Plastic type 3 – Polyvinyl Chloride

This plastic contains phthalates that can cause reproductive problems. They are used for the same ingredients like type 1 plastic. They have a symbol “V” on them.


Plastic type 4 – Low Density polyethylene

This plastic is flexible and resistant to solvents and does not release any harmful chemicals. They often have a symbol of LDPE on them.


Plastic type 5 – Polypropylene

These plastics do no leach harmful chemicals into the food. They will commonly have a symbol of “PP” on them.


Plastic type 5 – Polystyrene

Styrofome food containers (egg cartoons, take away boxes), they are made off of polystyrene. Styrene in it is a possible human carcinogen. Which is why it is advisable to avoid these use-n-throw containers and plates!


Plastic type 7 – Polycarbonate

These plastics may contain BPA and therefore avoiding them is a better option. They may often have a symbol of “PC” or “other” on them.


Plastic numbering system





Suggested Read,

Is cooking in Aluminum gonna poison your food?

How to create a safer kitchen?


Say No to plastic in the kitchen

  • Say No to plastic in the kitchen

-If you use plastic make sure you do not add hot food or microwave the plastic.

-Instead of storing vegetables in plastic bags start using cloth bags to store them or buy them fresh.

-For storing grains / oil / spices etc use glass jars instead of plastics.

-Avoid eating parceled food which is wrapped in the worst plastic containers and polythenes instead go to the restaurant and eat fresh.

-Use stainless steel or glass plates and bowls for serving food.

-Stop feeding food to kids in plastic Tiffin’s and containers you can instead use steel for the same.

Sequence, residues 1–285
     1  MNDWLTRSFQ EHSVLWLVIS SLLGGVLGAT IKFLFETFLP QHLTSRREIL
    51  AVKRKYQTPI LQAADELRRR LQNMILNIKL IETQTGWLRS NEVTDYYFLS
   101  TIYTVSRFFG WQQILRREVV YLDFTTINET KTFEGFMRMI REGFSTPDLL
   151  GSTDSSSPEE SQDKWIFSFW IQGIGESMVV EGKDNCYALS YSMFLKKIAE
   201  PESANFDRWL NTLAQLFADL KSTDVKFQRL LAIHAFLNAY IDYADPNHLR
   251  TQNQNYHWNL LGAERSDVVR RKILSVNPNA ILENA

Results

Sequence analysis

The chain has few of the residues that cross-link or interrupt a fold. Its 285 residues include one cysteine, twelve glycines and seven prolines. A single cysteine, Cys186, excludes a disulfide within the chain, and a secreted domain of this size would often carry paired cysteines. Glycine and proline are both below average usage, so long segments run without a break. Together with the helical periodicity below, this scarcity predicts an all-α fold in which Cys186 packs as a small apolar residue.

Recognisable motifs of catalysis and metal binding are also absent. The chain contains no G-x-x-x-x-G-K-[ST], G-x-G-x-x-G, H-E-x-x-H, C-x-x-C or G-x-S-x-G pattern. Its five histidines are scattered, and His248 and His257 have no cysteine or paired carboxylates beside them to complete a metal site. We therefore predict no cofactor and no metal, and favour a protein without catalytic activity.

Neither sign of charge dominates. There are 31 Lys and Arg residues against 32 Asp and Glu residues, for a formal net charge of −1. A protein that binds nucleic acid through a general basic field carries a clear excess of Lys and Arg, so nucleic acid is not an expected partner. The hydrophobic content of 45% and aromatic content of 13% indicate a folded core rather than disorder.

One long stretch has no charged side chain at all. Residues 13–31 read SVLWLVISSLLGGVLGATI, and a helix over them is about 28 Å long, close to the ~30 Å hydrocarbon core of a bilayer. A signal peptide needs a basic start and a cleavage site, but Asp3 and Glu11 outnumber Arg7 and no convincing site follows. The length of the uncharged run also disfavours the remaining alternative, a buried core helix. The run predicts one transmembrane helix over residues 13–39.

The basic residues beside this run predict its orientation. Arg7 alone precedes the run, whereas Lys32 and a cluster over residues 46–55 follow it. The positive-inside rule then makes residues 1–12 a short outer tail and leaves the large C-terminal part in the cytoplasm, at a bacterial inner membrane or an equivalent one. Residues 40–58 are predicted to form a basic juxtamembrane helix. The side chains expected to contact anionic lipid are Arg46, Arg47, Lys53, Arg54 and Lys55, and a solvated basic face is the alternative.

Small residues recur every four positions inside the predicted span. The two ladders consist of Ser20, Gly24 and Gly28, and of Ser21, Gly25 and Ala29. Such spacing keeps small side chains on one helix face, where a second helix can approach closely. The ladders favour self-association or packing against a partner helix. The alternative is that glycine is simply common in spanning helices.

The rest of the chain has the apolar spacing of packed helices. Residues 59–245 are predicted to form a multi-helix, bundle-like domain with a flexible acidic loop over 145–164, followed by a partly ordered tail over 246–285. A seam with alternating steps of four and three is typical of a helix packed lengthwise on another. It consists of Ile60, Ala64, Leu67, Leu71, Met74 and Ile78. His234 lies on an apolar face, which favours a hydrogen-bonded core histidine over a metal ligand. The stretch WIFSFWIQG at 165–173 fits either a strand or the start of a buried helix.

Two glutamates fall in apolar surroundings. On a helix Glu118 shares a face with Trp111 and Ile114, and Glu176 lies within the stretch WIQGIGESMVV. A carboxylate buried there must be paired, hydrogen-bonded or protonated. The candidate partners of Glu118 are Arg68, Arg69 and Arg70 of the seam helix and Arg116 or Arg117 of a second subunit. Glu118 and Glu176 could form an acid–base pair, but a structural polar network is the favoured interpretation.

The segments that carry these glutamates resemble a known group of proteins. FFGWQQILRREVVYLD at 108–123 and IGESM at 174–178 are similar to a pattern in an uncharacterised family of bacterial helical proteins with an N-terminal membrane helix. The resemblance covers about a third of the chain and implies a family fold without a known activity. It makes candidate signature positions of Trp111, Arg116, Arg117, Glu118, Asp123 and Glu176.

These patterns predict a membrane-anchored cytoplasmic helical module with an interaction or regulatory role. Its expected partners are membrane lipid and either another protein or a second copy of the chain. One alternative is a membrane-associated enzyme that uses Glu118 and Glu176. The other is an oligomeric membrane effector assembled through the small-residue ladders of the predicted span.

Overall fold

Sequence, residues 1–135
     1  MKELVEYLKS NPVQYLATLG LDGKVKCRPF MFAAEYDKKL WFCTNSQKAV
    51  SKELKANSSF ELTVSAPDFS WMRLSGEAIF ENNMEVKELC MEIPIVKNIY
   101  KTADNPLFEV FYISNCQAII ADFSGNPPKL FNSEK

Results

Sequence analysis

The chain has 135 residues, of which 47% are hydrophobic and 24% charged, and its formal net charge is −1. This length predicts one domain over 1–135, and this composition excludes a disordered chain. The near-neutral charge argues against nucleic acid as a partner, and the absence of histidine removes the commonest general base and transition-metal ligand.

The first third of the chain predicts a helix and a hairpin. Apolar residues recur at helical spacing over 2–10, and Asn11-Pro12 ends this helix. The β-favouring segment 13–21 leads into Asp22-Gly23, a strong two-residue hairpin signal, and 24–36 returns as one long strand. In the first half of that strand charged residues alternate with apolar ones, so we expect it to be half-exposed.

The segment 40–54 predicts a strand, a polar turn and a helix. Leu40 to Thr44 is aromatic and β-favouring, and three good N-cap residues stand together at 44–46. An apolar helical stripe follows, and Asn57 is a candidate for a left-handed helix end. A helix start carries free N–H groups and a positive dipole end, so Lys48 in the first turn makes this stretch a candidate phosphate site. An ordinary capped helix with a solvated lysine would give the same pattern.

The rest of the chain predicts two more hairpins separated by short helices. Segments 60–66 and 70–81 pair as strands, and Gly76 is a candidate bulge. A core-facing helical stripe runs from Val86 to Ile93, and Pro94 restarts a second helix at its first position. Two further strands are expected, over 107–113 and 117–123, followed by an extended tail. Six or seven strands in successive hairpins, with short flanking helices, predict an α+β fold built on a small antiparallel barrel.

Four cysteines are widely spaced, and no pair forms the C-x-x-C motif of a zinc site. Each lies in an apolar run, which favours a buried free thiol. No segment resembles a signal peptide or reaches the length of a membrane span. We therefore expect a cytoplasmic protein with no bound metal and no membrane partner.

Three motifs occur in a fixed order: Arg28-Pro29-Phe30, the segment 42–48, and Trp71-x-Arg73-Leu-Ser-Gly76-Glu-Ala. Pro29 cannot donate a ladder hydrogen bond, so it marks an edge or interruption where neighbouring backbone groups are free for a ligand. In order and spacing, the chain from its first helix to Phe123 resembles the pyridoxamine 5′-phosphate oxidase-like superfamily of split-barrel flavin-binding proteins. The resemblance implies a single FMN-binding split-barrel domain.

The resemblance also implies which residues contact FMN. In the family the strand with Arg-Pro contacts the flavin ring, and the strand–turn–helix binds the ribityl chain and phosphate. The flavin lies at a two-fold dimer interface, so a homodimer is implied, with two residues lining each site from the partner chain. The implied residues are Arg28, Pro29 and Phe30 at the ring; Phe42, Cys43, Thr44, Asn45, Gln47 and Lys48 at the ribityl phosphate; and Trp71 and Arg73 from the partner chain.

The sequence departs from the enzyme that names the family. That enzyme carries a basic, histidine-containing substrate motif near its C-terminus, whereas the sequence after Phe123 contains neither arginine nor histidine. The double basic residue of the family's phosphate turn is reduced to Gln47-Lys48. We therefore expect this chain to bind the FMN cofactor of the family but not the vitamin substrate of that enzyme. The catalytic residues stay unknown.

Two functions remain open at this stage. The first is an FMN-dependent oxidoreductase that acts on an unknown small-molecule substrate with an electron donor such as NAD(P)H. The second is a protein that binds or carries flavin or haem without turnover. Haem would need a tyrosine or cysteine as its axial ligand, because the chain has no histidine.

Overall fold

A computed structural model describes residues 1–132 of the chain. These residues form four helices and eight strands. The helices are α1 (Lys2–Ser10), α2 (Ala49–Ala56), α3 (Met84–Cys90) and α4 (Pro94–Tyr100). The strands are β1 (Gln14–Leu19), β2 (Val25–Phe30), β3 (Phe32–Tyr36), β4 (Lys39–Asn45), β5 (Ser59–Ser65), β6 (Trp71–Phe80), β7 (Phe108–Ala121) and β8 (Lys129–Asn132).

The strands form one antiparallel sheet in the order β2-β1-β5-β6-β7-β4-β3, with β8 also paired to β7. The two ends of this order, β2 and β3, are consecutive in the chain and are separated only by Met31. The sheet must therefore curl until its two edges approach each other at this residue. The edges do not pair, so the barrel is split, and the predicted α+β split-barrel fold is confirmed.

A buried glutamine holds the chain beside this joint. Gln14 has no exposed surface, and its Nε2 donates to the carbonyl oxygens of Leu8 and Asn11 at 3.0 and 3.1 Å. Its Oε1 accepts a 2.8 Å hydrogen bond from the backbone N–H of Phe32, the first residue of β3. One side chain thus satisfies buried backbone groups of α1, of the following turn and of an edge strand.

-Avoid using cling film plastic to wrap food use parchment paper instead of that.

-Avoid storing oily and greasy items in plastic bottles as the leaching on chemicals is higher with fatty food storage.

-For having water use copper bottles or steel bottles instead of plastic bottles.

-While washing plastic containers avoid using hot water and scrubbers as that ruptures the plastic and leads to release of chemicals.

-Last but not the least if you use any plastic containers make sure it is not exposed to sunlight as that will again have a similar effect like pouring hot food in plastics.


There is no doubt that we cannot make a kitchen which is “100% plastic free” but we can surely reduce the usage and prefer the right kind whenever we do have to use it.

Disti Vira, Dietitian, Certified Diabetes Educator

Disti Vira, Dietitian, Certified Diabetes Educator

Her fitness mantra is “do not start with a diet that has an expiration date, instead, focus on a healthy lifestyle that will last forever”. Disti has completed post graduation in Clinical Nutrition and Dietetics. She is also a certified Diabetes Educator. She is keen on bringing together her acquired knowledge on nutrition and other health aspects with people’s goals to achieve a healthy life. For her fitness is not being better than someone else; it’s about being better than who we used to be. “We don’t have to be great to start, but we have to start to be great". So give your best! She can be reached at shahdisti@gmail.com for any consults.